Conclusion: You would think with the number of imperial stouts that I’ve tried recently that they would get a tad samey. However instead it seems to just have beaten home exactly what a wide range of sub styles resides within that category. This for example is a beer that feels old. The slight mustiness and sourness backed by bitter solid flavours. It all harkens to the earlier ara that its name refers to.

Old does not mean badly crafted however, for all it brings images of brown paper and vinegar to mind in its wrapping and style it is still solidly tasty. Reserved for an imperial stout, yet has a solid hold on its use of bitterness and sourness. The hints of chocolate and malt that leak out are all the more enjoyable for their not being omnipresent.

So a solid beer that does not burn with its weighty potency. Never showy, but quality none the less.

Background: The last of a wide range of imperial stouts I ended up with in my cupboard. This one is from a London based brewery called the Kernel which has done ok so far, though I’ve not had a wide range of their beers.

The Kernel: India Pale Ale: Columbus (England: IPA: 7.4%)

Visual: Clear peach and amber. An inch of nigh white solid head that has a slight crushed lemon skin colour dusted over it.   Moderate bubbles on the body.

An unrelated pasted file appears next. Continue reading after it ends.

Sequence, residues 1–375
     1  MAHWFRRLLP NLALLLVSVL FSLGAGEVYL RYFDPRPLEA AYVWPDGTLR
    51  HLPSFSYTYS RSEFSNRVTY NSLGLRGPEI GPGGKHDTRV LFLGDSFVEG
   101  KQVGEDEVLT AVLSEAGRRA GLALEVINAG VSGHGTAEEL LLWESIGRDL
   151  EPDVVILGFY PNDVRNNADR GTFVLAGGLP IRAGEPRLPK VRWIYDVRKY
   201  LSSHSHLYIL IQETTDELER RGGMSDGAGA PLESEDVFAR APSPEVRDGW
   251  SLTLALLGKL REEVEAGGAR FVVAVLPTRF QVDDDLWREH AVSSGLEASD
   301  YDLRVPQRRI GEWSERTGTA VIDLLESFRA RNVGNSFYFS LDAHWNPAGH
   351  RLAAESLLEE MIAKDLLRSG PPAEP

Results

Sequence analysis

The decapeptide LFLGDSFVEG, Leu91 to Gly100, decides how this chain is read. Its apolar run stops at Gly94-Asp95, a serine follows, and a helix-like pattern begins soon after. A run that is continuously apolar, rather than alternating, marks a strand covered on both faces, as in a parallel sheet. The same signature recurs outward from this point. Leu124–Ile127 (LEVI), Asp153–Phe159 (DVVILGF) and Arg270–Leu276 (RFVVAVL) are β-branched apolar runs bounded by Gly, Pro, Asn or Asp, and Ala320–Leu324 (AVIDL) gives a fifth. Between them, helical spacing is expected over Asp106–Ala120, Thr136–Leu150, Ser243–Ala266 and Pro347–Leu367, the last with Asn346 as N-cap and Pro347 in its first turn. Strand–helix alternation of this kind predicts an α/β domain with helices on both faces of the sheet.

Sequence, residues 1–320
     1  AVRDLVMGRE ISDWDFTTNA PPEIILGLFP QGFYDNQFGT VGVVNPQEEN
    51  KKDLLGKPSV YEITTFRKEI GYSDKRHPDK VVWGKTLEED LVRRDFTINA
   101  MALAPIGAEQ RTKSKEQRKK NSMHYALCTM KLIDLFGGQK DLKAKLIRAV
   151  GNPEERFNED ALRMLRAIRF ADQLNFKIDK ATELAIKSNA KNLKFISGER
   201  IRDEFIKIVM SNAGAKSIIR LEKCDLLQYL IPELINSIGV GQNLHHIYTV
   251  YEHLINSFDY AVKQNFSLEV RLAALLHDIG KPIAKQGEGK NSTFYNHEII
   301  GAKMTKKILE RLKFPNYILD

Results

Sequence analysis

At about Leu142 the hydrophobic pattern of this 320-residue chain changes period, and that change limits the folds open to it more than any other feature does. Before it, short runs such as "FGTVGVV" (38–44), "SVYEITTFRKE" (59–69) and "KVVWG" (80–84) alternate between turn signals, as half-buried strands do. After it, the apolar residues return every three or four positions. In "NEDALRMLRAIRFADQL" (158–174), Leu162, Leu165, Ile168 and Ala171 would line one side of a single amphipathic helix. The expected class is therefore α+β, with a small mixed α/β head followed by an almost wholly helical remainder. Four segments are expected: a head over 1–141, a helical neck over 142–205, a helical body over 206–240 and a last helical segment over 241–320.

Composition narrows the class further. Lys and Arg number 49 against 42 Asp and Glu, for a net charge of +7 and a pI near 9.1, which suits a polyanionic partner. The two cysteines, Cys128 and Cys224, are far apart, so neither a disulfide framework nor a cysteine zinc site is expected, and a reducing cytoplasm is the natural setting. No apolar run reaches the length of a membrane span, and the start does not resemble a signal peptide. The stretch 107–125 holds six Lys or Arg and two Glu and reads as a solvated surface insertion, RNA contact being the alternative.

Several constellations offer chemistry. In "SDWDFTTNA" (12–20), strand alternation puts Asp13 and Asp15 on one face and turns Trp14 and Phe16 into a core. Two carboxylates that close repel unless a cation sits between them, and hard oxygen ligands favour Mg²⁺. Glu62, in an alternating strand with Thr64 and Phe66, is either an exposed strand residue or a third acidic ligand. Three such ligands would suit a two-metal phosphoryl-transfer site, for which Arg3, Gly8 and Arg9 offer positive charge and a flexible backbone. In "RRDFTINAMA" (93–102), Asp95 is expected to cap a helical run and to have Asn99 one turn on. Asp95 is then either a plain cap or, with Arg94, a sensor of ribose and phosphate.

Nose:  Very fresh lime and crisp prickly hops. Apricot. Fine ground flour. Tart pineapple juice or maybe a touch of grapefruit. All backed up by a nasal kick of mild crushed chilli seeds.

Body: Very tart. Pineapple and pear. An odd flavour that could possibly be compared to gherkins.  Passion fruit and dry wheat hops. Solid bitter and malt back. Touch of sweet peach to contrast.

Finish: Gherkins again and solid bitterness. Gooseberries. Slow building hops and greenery. Dry bread styling.

Conclusion: Now this one is deeply unusual. I have got used to what to expect from an IPA, and even what to expect of the different styles within. Then I get a wild outlier like this which comes as a bit of a shock to the system.

It has the citrus freshness and hops, that is not so unusual I hear you say.   Well true, but add in a light chilli like tingle, tartness and an almost gherkin like flavour to the middle and the whole beer has gone a touch topsy turvy.

It’s a jittering IPA, prickly like cactus and bringing it’s hops along with it.  While it isn’t something to have everyday, the slow prickle, greenery and bitterness in the finish gives it a distinct presence that matches the body well. Beyond that the roaming chilli like touches hang around at the back of the throat and don’t let you forget the beer for a while.

To contrast there is just enough subtle sweet fruit in an attempt to offset the off main body, and it does the job of that well enough.  Overall a well made oddity.  Well enough off the beaten track to give a good kick upside the expectations, but not well suited for regular drinking

Background: The Kernel is London based Brewery which seems to be getting some buzz about it recently so I had to check it out.  With it being a London based brewery of course the most natural place to get its beer from was a bottle shop several hundred miles away in York. So that is what I did. Columbus seems to turn up a lot in combination, but I think this is the first time I have run into the hop on its own.